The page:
Updating a system with i8xx graphics hardware

When updating your system with Update Manager, you will see a warning if your machine has Intel i8xx graphics hardware.

The exact wording if this warning may differ depending on the version of Ubuntu you are upgrading to. This page contains more information on what this warning means, along with some approaches you can take to improve the chances that your system will successfully upgrade. This text was originally published as a comment to Launchpad bug 941172.

Historical Background

There are basically three families of chips in 8xx: i810 (810, 815), i830 (830, 845), and i855 (855, 865). These chips were manufactured early on in Intel's integrated graphics history. They were used in a wide variety of different laptops and motherboards by a wide number of vendors, and the way the chips were wired / integrated into the vendor's board could vary quite a bit. This also preceded Intel's open source graphics lab, so support for 8xx is very low priority.

Bugs tend to be very hardware-specific, and often fixing a lockup bug on one person's laptop will cause a regression on someone else's with exactly the same 8xx chip in some other laptop. Compounding the trouble is that few upstream developers have access to a wide enough variety of 8xx boxes to ensure their code changes have been sufficiently tested. Additionally by now the 8xx hardware line is quite old. It's likely many systems suffer from hardware problems - power supply irregularities, loose/corroded soldering, loose wiring, etc. - which often have very similar symptoms to graphics issues.

Despite these troubles, upstream does still accept 8xx bug reports, and they do try to fix them as time and resources allow. The current -intel driver should still operate on the i830 and i855 families (i810 is considered a lost cause now).

Ubuntu however does not accept 8xx bug reports for any 8xx chips, but instead directs people to discuss problems directly with upstream. All the problems that make supporting 8xx difficult for upstream affect us as well. Indeed, in the past we used to pull fixes from upstream, but they invariably broke other people's systems. We found we were expending a lot of developer and bug triager time chasing bugs, with little gain except just to annoy 8xx users who didn't know if their systems would work one week to the next. :-)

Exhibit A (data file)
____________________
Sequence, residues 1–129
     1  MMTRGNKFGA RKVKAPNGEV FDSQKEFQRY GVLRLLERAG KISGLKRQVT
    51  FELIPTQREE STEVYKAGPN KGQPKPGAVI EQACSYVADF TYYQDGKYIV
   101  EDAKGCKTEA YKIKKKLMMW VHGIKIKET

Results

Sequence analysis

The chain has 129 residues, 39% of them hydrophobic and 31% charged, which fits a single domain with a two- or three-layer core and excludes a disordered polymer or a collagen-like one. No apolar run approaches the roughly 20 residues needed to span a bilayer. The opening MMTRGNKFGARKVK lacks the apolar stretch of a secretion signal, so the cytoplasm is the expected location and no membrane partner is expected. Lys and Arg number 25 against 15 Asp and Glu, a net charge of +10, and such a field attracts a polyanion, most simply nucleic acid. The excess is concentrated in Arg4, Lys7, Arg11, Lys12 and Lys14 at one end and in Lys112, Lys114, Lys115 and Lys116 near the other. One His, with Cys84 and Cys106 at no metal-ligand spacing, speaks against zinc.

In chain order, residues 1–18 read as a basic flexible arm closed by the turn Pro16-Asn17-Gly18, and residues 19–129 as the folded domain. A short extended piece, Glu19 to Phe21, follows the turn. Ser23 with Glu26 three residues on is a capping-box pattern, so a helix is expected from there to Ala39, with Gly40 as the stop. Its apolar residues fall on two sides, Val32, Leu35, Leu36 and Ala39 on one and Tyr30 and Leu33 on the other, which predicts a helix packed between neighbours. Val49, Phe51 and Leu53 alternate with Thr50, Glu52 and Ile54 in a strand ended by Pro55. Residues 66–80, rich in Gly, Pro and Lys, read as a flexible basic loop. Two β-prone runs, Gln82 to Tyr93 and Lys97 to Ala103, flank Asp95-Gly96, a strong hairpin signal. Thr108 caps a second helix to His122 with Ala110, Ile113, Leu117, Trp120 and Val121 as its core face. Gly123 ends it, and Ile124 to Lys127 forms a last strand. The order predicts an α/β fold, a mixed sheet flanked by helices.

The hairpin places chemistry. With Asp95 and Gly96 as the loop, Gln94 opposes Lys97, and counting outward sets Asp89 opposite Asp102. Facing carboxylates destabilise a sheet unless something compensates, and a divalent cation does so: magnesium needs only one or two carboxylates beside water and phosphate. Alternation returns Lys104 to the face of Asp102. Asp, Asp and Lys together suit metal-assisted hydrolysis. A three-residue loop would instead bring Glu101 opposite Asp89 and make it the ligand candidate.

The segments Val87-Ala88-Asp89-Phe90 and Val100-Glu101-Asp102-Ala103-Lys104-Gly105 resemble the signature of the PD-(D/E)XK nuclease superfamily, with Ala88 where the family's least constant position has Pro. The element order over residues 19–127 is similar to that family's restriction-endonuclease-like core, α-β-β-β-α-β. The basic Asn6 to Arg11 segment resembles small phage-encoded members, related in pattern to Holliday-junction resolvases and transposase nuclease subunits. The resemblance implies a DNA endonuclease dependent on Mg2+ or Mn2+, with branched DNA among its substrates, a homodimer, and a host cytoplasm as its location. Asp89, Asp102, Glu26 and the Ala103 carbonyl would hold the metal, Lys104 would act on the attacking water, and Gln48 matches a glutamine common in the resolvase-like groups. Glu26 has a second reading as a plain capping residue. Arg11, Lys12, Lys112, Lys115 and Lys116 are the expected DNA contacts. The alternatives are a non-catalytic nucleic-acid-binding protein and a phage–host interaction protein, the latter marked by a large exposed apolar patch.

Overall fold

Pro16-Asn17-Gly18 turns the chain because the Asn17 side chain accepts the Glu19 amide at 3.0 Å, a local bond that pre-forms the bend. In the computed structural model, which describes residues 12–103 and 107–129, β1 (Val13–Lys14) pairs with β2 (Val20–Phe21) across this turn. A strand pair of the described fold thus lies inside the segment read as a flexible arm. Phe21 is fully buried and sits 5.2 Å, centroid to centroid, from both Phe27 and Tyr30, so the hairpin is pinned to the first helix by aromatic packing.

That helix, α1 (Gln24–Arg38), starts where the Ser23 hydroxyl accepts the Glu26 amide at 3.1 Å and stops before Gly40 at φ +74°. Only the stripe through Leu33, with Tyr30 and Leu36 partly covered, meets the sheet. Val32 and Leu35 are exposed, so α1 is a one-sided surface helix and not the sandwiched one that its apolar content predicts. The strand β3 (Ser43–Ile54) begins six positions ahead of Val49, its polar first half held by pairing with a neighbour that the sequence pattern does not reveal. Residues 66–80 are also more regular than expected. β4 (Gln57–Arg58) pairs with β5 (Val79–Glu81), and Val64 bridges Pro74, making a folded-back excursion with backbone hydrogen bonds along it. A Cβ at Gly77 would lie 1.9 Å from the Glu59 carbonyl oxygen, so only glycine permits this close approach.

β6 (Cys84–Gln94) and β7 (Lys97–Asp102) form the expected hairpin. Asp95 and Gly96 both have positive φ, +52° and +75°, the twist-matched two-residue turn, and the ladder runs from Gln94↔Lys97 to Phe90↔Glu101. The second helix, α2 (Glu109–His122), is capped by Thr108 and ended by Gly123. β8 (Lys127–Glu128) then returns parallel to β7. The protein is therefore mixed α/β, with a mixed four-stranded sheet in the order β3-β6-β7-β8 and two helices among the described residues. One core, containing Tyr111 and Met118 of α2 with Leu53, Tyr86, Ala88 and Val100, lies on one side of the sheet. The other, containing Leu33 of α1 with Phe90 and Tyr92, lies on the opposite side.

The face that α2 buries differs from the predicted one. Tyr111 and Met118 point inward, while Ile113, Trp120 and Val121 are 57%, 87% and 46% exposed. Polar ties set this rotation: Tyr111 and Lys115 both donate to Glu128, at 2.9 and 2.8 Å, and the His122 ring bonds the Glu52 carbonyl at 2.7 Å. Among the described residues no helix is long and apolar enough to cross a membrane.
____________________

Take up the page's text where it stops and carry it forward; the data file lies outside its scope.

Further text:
Ubuntu now ships just what upstream provides. If it works and lets you run Ubuntu on your 8xx, that's great. If not, please go to bugs.freedesktop.org to provide upstream with feedback.

Current Status

As of Ubuntu 12.04 (Precise Pangolin), if you've had Ubuntu installed on your hardware previously then theoretically it should continue to work.

Since Ubuntu 10.04 (Lucid Lynx) there has been a fair amount of work upstream to solve issues and provide more stable support for 8xx. However a lot of features are disabled, missing, or buggy. This may include 3D, Xv video, TV output, and more. Also observed are reports of gpu lockups, corruption, and other serious issues, although these might only affect specific laptops or chipsets, or even just be hardware failures, but we don't really have a reliable way to know for sure.

In any case, Ubuntu will not accept bug reports at Launchpad for 8xx issues, nor will we be backporting patches.

So, Ubuntu might boot and run on your 8xx system just fine, but Ubuntu engineers are not actively supporting that chipset in terms of development work. If it does not work there won't be fixes from the Ubuntu developer community. You'll need to work directly with upstream at freedesktop.org or Intel to get development support.


The best advice to 8xx owners is, ALWAYS test a livecd image thoroughly before even considering upgrading. If the livecd of the version you want to upgrade to works for you, then upgrade success is more likely.

X/i8xxUnsupported (last edited 2012-04-13 21:29:06 by bryce)